extendahoe hose replacement
I have a Case 580 Super M that I am trying to replace the hoses that actuate the extendahoe cylinder. My question is concerning the pin that anchors the piston to the boom. After removing the spring clips from both ends of the pin, the pin still refuses to be tapped out. I have watched the youtube video of this procedure and the pin in the video slides easily in and out. I was wondering if the ends of my pin may be deformed slightly making removal difficult. I didn't want to really pound on it until I knew for sure.
I'm assuming you mean the hollow pin holding the cyl in the dipper? What ever the case make sure everything is supported & there is no weight on cylinder or dipper. Is pressure released from hyd? Most of the time a tap is all that is required - be carefull!
No sir, the bucket arm is being supported by a hydraulic boom. I don't think there is any pressure on the hollow pin/sleeve because it rotates freely. I have just bought this tractor. The hose was broken when I got it and the previous owner had stuck a piece of rebar through the boom to hold the extendahoe in position rather than fix the hose. There are visible cracks in the ends of the pin/sleeve and I feel like the ends may be deformed enough that is causing my problem in pin removal.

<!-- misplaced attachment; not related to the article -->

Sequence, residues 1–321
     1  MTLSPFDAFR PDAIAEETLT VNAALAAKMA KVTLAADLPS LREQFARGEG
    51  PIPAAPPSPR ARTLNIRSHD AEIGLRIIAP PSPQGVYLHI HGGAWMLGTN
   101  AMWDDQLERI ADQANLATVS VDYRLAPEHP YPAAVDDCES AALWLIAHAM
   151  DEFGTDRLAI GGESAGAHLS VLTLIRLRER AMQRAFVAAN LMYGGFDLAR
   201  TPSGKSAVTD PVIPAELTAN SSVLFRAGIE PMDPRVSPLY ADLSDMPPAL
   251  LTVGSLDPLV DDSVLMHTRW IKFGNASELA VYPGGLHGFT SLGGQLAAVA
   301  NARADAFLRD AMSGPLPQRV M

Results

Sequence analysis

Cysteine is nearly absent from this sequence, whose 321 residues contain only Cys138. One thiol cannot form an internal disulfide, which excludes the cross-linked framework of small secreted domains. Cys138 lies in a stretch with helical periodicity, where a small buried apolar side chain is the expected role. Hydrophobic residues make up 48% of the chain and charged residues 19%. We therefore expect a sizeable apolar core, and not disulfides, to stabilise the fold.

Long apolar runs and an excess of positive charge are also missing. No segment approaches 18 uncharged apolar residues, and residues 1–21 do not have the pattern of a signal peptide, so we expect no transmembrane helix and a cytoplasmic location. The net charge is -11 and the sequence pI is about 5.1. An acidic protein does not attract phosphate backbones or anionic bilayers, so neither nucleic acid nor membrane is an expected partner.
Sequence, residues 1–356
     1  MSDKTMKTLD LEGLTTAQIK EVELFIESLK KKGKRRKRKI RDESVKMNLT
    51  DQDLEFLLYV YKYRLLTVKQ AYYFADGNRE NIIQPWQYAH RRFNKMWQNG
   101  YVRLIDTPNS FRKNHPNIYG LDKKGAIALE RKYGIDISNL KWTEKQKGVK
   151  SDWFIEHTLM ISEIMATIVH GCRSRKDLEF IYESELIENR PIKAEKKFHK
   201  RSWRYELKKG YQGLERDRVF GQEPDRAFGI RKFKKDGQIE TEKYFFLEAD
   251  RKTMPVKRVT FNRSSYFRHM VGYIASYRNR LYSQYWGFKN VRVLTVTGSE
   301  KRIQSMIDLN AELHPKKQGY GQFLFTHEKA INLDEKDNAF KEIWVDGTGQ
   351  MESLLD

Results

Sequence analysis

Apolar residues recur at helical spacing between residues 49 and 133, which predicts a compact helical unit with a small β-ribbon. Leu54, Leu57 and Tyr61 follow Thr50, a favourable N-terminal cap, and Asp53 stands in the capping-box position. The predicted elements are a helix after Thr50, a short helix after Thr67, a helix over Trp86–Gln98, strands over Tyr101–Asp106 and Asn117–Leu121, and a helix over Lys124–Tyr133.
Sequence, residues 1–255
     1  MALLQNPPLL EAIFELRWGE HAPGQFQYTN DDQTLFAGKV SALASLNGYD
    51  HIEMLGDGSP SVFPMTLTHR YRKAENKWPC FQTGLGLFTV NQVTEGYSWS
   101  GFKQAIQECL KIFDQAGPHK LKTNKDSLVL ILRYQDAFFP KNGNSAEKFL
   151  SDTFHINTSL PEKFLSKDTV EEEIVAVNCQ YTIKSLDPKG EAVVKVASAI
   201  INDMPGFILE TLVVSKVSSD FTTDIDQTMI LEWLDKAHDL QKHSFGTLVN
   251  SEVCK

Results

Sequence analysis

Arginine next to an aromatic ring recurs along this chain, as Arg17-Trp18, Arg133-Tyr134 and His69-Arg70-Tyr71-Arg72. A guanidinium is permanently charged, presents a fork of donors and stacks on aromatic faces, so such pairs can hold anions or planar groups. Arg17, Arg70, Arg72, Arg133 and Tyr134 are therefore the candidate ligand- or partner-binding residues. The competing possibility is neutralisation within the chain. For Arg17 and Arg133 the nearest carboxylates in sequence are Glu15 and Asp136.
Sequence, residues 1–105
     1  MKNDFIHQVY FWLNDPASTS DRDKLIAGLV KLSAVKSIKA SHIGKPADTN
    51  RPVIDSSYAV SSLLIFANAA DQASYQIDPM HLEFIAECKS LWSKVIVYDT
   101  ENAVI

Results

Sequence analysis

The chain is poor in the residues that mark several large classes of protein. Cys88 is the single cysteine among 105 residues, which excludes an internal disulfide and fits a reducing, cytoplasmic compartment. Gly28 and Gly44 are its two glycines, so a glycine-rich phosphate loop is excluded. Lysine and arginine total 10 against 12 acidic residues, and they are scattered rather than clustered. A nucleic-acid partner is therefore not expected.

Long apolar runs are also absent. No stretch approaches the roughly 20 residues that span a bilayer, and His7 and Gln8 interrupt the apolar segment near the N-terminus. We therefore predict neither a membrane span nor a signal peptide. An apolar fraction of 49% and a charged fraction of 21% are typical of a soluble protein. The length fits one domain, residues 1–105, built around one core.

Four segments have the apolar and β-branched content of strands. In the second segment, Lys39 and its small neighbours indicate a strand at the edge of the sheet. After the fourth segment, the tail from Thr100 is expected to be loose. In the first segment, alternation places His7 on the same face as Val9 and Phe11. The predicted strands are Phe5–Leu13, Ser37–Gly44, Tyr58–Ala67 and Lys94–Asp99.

Thank you for your help
Seems wierd that the pin will rotate & not come out - you do have the circlips off ??
May be that bar has been in there a long time & deformed the pin.......
Does the pin move in or out at all ?
It is possible that the cylinder has worn a groove in the pin & stopping it from moving - with someones help try to push the cylinder by hand back up into the dipper or put a long bar in under the cyl & try to lift the mounted end slightly - while hitting the pin.
If the pin was siezed at some time & efforts were made to remove it causing the cracking - you will need to grind the mushroomed end of pin away with a die grinder.
it's all fun.......
Thank you for your suggestions Alrman, one end of the pin was mushroomed less than the other and I was able to finally drive it out. If I ever have to do this again, I think it would have made it much easier if I had removed the weight of the bucket. I changed out both hoses even though only one was bad and decided that while I have it all apart, I might as well order the teflon slides along with a new pin.